Art fairs

FIAC, Paris: Suffering from the Frieze effect

Foreign collectors deserted the fair and the French only buy their own artists


Paris. Visitors to the Foire International d’art contemporain (FIAC) held 21 to 25 October, were quick to claim that the fair was better than last year and some even said it was the best FIAC they had seen in a long time.

FIAC did look much better, the offerings were more diverse than London’s Frieze Art Fair (held the week before) but it was hardly revolutionary. The fair was like a vast market, where visitors could either rummage on the smaller stands for minor works, or buy major pieces such as the superb sfumato Claudio Parmiggiani at Christian Stein (Milan), which was apparently reserved (at (220,000) by the luxury-goods mogul and Christie’s owner, François Pinault.

More the pity, therefore, that few foreign collectors attended FIAC, with the resulting negative impact on sales. Even Belgian buyers, once major clients at FIAC, had deserted Paris for London’s Frieze fair. Perhaps, instead of constantly courting the Americans, FIAC should try to attract more Europeans, particularly Italians who were also thin on the ground despite the presence of a number of Italian galleries.

“Buying fever”, the title of a Jacques André installation at Catherine Bastide (Brussels), was hardly apt. Sales were difficult, except for “French taste” works, such as Philippe Favier, who sold very well at Guy Bärtschi (Geneva). Tornabuoni (Florence) could not sell two major Alighiero e Boettis, but did place a Poliakoff. Galerie Malingue announced a number of sales, probably in the pipeline before the fair opened, in particular a Tàpies for €611,000 ($780,000).

The foreign galleries had a hard time, and James Mayor (London) and Giulio Tega (Milan) both said they would not be returning, while Michael Janssen (Cologne), who is a member of the committee, had not yet decided whether to do so or not. “French clients only ask for prices or more information about things they already know. They buy French art from the French dealers. Most of what we are selling is priced between €15,000 and €25,000 (£10,000 to £17,500), and this also seemed to be a problem”, said Ralph Wernicke of the gallery. Thomas Krinzinger (Vienna) was more positive, but did admit that his turnover at Frieze was three times higher. However, for Galerie Lelong (Paris), 80% of whose clientele is international, this year was a disaster.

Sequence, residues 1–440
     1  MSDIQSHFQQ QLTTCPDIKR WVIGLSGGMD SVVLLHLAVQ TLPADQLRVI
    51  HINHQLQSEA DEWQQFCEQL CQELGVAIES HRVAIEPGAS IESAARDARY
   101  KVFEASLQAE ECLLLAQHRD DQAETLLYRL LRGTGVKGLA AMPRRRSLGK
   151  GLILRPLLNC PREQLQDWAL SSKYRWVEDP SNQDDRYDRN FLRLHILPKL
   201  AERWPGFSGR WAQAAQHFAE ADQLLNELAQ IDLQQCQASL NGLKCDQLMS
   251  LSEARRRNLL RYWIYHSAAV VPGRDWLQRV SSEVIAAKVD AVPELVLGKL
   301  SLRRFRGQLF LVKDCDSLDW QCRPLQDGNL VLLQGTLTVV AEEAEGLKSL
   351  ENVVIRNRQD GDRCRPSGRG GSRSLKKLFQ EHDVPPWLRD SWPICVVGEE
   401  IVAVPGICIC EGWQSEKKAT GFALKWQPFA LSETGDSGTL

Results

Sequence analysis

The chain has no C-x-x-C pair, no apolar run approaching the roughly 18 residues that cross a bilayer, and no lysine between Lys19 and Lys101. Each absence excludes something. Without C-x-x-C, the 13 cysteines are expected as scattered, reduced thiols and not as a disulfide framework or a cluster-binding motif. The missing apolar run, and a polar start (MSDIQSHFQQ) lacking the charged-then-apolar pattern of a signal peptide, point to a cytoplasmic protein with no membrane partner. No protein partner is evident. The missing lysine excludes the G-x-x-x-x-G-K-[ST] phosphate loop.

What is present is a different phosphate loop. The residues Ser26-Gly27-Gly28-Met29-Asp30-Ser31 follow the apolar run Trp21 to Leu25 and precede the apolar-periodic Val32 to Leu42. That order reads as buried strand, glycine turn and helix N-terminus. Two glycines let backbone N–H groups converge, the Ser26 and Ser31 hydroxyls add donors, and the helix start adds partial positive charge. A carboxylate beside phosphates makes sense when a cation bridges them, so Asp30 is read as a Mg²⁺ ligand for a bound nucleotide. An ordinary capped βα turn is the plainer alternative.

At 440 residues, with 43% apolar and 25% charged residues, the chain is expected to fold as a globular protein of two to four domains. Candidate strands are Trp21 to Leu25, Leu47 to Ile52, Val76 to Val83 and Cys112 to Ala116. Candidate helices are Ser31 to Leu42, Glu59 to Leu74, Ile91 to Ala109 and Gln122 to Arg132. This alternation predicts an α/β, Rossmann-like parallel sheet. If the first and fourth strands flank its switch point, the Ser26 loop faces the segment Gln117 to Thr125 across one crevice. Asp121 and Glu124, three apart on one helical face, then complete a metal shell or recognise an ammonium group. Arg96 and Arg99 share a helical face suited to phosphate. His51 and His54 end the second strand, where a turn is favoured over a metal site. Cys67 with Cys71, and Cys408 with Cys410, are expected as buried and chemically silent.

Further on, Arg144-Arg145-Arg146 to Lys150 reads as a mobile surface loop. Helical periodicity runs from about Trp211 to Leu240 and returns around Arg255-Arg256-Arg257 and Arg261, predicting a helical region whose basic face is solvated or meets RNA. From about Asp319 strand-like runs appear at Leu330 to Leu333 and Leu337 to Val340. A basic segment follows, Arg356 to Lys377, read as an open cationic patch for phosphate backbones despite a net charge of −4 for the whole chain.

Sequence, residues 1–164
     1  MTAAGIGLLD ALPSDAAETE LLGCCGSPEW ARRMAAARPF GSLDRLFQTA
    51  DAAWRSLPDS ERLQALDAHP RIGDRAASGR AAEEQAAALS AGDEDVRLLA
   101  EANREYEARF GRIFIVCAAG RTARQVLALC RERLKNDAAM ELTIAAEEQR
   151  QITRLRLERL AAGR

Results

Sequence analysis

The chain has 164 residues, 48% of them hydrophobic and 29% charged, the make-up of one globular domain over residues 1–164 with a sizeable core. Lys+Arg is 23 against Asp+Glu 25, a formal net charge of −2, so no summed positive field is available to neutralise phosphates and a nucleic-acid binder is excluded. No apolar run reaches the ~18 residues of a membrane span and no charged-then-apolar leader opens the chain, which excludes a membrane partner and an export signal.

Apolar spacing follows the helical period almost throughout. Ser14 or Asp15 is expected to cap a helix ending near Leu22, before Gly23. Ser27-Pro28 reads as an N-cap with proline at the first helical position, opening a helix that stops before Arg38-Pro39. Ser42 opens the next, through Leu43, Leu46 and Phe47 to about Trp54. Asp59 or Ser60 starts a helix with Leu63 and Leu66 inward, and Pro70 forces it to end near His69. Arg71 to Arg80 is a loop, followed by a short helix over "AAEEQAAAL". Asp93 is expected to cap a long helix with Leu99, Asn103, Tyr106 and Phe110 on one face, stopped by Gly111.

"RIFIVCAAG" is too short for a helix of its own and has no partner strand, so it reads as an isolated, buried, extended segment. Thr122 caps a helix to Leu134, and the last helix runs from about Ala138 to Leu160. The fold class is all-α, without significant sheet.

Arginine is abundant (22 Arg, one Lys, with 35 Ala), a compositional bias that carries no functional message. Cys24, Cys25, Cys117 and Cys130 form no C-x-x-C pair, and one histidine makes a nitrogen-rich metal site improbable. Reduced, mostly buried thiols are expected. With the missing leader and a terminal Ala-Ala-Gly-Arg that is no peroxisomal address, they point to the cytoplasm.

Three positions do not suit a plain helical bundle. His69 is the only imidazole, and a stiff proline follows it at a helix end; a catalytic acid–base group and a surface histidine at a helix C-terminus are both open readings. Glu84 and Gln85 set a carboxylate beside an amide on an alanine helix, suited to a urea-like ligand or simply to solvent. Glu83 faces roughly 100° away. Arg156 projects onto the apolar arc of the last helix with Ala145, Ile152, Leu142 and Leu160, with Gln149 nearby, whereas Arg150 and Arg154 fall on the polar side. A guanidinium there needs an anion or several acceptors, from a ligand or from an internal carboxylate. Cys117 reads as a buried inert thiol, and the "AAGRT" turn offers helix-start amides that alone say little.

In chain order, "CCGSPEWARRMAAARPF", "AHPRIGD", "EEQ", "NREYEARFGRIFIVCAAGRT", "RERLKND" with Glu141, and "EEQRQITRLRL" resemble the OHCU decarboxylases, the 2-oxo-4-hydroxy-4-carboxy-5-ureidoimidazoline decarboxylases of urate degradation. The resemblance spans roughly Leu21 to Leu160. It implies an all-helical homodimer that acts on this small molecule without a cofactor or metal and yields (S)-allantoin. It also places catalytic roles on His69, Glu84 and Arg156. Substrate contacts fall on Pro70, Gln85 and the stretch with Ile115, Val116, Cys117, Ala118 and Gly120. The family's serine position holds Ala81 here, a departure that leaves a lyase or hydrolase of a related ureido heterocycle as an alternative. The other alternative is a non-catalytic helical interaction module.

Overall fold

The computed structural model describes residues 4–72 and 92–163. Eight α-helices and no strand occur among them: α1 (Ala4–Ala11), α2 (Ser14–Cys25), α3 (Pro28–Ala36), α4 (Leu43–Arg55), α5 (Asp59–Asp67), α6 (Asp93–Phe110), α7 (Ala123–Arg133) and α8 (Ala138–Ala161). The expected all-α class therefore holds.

The smaller galleries in the side hall did better, because their prices were lower and because there was more energy and enthusiasm here. “Those who bought in the side hall this year will be buying in the main hall in two to five years’ time”, said Hervé Loevenbruck (Paris). Galleries selling design did fantastically well from the beginning, somewhat curiously considering that collectors seemed hesitant about paying for art priced at over €30,000, and yet were prepared to pay huge prices for pieces in the design field.

FIAC’s new director Martin Bethenod, said “this year marked a fresh start, with a plethora of new ideas, and we must continue to work on developing the fair and raising its profile”.

The danger for FIAC is that is could become a purely local, French fair. Its great hope is that next year, when it is held before Frieze, it can do much better than this latest edition.

o FIAC: 6-10 October 2005; Frieze:

21-24 October 2005.

Originally appeared in The Art Newspaper as 'Suffering from the Frieze effect'